511. Memorandum From the Department of State Executive Secretary (Read) to the President’s Special Assistant (Rostow)1


  • Further Information on the Congo Situation

1. Belgian Position. We have asked the Belgians here and in Brussels for further air crews for the Congo. They know that we have had a request for C–130s and have agreed to delay replying to a Congolese request for matériel assistance until they learn our reaction. Mr. [Page 748] Rostow will discuss the subject again with the Belgian Ambassador at 2:45 today.2 The Belgian position is a bit shaky. The abduction of Tshombe was badly received in some Belgian circles. More importantly, the GOB is smarting under Congolese press and radio attacks lumping the mutineers, many of whom are Belgians, with the rest of the Belgian population of the Congo and with Belgian financial interests. Brussels has said that Belgian air crews now in the Congo will carry out GDRC orders, that other Belgian military personnel (training troops) will stand by, and that a request from the Congo government for arms and munitions has been received. The Belgians may act favorably on the latter request, if we provide assistance and if Congo press attacks abate. However, their initial reaction indicates that they would insist on a moderation of anti-Belgian propaganda as precondition to such aid. Our Ambassador in the Congo is pointing out to the Congolese the dangers of over-exciting the Congolese population. We have made the same point to Ambassador Adoula here. We are keeping the Belgians informed of these actions.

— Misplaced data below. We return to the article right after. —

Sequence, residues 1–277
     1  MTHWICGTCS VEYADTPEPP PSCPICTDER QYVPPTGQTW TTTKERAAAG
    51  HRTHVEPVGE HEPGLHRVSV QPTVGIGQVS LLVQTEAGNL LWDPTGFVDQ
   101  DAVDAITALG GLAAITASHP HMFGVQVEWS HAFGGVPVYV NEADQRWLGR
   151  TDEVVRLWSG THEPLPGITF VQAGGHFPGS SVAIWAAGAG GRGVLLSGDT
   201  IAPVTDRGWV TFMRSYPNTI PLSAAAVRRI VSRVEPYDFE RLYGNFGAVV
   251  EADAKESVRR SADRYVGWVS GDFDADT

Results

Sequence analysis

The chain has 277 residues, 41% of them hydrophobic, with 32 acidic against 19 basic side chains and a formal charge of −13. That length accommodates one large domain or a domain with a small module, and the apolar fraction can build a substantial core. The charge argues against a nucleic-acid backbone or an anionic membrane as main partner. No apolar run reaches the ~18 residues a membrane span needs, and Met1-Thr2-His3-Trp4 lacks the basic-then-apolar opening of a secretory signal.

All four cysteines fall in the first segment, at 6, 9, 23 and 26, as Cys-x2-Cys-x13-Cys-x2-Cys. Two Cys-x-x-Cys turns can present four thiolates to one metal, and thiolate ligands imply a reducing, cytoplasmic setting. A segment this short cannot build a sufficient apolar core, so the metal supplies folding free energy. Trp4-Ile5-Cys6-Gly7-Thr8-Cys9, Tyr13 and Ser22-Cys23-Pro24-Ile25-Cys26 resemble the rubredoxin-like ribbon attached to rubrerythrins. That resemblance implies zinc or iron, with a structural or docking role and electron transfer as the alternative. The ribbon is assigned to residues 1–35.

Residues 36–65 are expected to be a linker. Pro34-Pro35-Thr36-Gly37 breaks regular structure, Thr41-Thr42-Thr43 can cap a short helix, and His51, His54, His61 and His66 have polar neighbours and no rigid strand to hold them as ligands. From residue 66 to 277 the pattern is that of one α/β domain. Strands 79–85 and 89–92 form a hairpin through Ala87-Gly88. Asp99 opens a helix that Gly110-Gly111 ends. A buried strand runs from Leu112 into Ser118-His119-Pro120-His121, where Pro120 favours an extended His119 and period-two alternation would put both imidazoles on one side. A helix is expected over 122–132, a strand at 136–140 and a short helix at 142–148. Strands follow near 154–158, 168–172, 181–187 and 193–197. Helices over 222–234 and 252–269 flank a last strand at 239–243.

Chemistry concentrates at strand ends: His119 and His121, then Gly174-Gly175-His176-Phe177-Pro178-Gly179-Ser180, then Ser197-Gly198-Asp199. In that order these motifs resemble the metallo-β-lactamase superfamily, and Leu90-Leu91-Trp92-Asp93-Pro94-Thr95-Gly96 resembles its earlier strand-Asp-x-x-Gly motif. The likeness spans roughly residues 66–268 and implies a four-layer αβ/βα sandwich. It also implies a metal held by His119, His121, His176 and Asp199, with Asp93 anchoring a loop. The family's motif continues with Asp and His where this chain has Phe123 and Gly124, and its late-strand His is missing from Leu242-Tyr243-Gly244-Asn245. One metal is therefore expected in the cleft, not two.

We do not, in summary, expect the Belgian government to consider taking the lead in providing assistance to the Congo until it is sure that the US is ready to help and until it is sure that a wave of anti-Belgian and anti-white propaganda in the Congo is brought under control and possible incidents avoided. Internal political considerations in Belgium dictate this cautious stand. Should there be an unprovoked slaughter of Belgians (and such may have just occurred in Katanga) then the Belgians will pull back from assistance.

2. Mercenary Objectives. Mercenaries in the Congo, even though in the pay of the Congolese government, always represented a potential Trojan horse because their political sympathies were essentially very conservative, even colonialist, and often pro-Tshombe. No single leadership of the various groups has been clearly identified nor has there apparently any public statement which could be attributed to the rebels.

Embassy Kinshasa speculates that mercenary objectives may be to establish control over the Eastern Congo as a base to channel in reinforcements and eventually take over mineral-rich Katanga. Presumably they would welcome the Congolese (or Katangan) leadership of someone like Tshombe or other pliable Congolese elements willing to go along with them.

In the absence of further information it is uncertain exactly what the mercenaries seek. It is perhaps significant that they have not used the radios at Kisangani or Bukavu to broadcast their aims. However, as [Page 749] the rebellion of 1964–65 showed, a very few determined, well-trained and well-armed mercenaries can take over large parts of the Congo and this is the threat that the GDRC now faces.

The Belgians tell us that they are unsure what the exact motivations were. They say it could have been part of a long-planned pro-Tshombe plot, a sudden move to thwart the extradition of Tshombe, or perhaps only a dissatisfaction with lack of pay.